Asian sex gang: young girls betrayed by our fear of racism
Nine white men are found guilty of grooming young Asian girls, aged between 13 and 15, whom they picked up on the streets of London. The girls were lured with free fish and chips before being raped or pimped as prostitutes. One Asian girl from a children’s home was used for sex by 20 white men in one night. Police insist the crimes were not "racially motivated”.
Imagine if that story were true. Would you really believe that race was not a factor in those hateful crimes? Do you think that, despite conclusive DNA evidence from a girl raped by two men, the police would have hesitated to press charges because the suspects were white and it could make things a bit sensitive in the white community? Would the Crown Prosecution Service have refused to prosecute, allowing the child-sex ring to flourish for three more anguished years?
OK, now let’s try switching the ethnic identities round. Change the fish and chips to kebabs, London to Rochdale, white to Asian and vice versa and you have the case that ended yesterday at Liverpool Crown Court. Nine British Muslim men were jailed for a total of 77 years for rape and trafficking within the UK for sexual exploitation. The whole case made for disturbing reading, but somehow it was the tiny, paralysing details that made it real. Like the fact that one of the convicted men, father-of-five Abdul Rauf, was a religious studies teacher at a local mosque. Rauf asked his 15-year-old victim if she had any younger friends, and drove some of the girls to meet other men, who had sex with them despite knowing they were under-age.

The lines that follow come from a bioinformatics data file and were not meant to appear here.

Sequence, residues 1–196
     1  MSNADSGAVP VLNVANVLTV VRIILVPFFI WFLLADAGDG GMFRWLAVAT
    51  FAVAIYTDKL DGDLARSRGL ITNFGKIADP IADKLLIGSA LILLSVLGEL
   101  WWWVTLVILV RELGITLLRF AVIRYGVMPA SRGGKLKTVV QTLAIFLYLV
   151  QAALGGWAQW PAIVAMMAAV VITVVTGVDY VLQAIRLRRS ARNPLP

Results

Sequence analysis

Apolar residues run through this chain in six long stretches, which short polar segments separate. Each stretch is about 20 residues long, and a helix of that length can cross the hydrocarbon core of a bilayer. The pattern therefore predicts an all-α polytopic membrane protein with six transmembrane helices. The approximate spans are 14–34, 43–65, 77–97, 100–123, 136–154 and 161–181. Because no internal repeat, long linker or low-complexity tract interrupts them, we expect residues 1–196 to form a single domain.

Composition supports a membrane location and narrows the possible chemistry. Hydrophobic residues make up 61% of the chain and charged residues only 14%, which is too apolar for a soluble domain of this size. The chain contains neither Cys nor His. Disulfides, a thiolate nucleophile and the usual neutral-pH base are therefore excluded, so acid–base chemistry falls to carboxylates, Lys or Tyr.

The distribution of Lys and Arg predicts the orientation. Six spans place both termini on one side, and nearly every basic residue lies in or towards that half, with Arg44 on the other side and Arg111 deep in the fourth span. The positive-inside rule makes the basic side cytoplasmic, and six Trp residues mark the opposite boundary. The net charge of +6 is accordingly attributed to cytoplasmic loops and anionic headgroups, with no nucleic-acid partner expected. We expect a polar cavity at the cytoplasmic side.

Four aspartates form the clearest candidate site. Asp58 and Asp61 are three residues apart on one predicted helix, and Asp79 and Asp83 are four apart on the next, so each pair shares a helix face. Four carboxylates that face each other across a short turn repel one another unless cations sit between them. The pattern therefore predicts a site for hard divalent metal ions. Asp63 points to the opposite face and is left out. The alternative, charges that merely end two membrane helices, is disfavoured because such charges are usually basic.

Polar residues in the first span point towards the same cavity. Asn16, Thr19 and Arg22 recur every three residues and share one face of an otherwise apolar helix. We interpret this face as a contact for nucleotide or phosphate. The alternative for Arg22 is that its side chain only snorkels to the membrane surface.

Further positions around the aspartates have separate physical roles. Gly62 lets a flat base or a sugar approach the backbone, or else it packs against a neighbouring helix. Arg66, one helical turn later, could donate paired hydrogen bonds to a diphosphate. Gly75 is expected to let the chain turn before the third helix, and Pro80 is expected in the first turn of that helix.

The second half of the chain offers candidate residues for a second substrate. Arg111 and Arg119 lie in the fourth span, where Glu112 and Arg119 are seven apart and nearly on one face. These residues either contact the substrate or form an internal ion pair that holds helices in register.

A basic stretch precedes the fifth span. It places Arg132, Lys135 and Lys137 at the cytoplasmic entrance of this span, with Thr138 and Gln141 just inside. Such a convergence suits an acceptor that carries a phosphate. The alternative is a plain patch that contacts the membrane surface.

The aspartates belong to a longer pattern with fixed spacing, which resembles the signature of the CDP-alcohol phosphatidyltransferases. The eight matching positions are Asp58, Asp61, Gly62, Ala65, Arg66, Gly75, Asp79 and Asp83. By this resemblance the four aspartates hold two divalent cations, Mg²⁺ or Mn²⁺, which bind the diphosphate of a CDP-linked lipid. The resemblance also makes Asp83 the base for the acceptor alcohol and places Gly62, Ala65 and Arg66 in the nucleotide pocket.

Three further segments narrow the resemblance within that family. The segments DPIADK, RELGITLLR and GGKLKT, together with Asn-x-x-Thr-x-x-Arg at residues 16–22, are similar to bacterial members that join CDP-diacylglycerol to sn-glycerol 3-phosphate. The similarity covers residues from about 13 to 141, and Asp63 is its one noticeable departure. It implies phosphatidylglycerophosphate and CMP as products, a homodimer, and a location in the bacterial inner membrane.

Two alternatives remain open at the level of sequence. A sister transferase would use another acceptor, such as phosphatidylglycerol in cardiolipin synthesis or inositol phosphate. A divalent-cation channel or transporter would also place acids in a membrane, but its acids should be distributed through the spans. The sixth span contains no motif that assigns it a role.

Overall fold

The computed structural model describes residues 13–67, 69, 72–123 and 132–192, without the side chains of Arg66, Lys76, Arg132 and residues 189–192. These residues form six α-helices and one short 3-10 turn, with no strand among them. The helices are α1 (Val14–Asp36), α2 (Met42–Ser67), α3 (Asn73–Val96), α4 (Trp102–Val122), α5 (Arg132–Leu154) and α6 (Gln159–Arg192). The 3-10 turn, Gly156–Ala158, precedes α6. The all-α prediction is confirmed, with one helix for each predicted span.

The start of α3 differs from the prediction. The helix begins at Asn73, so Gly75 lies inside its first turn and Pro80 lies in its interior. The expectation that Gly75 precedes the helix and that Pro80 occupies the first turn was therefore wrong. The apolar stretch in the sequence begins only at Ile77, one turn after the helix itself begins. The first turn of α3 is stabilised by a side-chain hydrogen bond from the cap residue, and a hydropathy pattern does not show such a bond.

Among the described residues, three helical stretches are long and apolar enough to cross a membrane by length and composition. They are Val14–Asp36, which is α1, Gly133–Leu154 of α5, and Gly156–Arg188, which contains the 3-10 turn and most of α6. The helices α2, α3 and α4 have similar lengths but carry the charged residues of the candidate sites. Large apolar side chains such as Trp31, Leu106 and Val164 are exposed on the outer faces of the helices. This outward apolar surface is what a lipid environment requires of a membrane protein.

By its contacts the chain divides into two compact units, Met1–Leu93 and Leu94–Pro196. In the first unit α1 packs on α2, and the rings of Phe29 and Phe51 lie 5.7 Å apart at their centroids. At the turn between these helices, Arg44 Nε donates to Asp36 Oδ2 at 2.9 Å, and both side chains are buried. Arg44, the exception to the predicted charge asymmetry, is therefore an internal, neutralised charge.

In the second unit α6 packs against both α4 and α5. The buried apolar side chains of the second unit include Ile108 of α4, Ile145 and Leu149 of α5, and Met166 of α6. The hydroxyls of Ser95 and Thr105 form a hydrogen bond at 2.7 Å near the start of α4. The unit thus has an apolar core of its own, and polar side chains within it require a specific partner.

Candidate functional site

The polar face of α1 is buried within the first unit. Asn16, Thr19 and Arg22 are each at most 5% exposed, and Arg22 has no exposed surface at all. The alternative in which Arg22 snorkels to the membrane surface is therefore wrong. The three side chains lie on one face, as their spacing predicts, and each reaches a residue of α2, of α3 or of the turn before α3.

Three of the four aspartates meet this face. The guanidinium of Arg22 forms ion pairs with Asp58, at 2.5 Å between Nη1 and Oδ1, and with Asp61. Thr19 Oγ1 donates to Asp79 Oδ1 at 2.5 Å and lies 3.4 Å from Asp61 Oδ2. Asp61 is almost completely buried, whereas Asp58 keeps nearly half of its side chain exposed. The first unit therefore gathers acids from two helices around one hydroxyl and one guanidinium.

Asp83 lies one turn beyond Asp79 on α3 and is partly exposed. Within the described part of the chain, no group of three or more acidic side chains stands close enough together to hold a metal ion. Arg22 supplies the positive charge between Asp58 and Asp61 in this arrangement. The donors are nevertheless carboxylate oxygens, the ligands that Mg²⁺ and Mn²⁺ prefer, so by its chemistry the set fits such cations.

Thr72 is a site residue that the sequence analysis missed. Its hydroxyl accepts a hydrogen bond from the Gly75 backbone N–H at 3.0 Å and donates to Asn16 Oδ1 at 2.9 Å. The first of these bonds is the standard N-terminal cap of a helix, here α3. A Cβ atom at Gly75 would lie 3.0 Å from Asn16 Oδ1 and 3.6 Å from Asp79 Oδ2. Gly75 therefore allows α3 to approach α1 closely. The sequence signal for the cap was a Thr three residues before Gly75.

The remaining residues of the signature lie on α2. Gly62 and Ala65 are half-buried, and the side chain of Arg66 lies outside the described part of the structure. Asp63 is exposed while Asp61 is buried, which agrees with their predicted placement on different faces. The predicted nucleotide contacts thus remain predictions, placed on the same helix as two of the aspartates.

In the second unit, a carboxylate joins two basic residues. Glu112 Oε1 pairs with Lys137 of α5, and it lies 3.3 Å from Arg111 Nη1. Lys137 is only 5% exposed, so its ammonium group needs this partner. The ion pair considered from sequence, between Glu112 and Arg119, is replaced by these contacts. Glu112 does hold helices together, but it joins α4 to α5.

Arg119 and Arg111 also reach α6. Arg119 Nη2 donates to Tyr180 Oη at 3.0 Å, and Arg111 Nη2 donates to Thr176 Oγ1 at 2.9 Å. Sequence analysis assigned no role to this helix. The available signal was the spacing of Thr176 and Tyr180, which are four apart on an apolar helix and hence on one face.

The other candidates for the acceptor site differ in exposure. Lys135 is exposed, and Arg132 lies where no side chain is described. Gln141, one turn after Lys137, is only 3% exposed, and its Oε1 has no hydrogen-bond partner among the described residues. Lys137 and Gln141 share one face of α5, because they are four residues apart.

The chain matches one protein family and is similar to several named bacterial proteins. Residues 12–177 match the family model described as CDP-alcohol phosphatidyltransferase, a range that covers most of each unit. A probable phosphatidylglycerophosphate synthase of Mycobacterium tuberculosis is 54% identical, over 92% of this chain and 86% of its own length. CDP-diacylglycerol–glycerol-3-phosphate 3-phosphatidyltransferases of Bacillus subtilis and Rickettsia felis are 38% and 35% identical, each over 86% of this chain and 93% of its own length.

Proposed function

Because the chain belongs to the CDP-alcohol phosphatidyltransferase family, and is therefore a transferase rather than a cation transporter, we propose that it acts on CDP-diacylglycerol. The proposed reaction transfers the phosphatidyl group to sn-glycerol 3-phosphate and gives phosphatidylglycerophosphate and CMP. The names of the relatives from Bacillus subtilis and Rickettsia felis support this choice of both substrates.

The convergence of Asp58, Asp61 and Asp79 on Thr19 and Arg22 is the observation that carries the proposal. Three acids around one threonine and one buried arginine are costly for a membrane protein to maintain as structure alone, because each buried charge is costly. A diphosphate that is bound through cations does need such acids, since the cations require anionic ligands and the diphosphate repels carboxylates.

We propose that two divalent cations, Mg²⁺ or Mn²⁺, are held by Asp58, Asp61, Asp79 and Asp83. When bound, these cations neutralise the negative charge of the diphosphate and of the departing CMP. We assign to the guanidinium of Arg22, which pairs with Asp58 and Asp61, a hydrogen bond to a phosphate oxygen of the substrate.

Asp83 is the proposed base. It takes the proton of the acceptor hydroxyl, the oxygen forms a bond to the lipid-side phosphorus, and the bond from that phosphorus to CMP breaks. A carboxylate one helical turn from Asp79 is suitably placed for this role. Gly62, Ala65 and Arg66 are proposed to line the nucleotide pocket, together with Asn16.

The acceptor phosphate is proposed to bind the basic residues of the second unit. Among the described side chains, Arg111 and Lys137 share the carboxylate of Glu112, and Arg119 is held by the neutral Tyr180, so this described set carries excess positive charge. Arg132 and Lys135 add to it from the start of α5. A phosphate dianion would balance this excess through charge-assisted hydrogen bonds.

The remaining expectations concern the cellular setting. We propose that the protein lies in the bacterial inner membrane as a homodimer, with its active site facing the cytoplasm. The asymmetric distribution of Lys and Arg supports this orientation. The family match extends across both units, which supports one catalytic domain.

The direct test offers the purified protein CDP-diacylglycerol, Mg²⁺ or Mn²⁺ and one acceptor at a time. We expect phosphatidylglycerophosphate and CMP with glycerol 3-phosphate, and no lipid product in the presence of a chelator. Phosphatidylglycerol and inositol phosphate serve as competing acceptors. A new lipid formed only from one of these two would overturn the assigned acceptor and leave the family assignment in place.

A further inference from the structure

You will already have noticed a lot of embarrassed evasiveness about this disgusting case, particularly on the BBC. Turning a blind eye to appalling, illegal practices because "it’s their culture” is what has brought our country to this obscene pass. I have watched it unfolding since I did my teaching practice in 1982 in Southall, west London. I remember being encouraged to "teach the children their own culture” even as I found myself wondering why British Muslim girls couldn’t be taught the enlightened beliefs of the egalitarian land in which they lived.
When it comes to women’s rights, not all cultures are created equal, particularly those whose attitudes are frozen some time in the mid-14th century. But we weren’t allowed to say that. Actually, we weren’t even allowed to think that. If you inhaled enough toleration of the intolerable, then you were well on your way to the opium of political correctness. (...)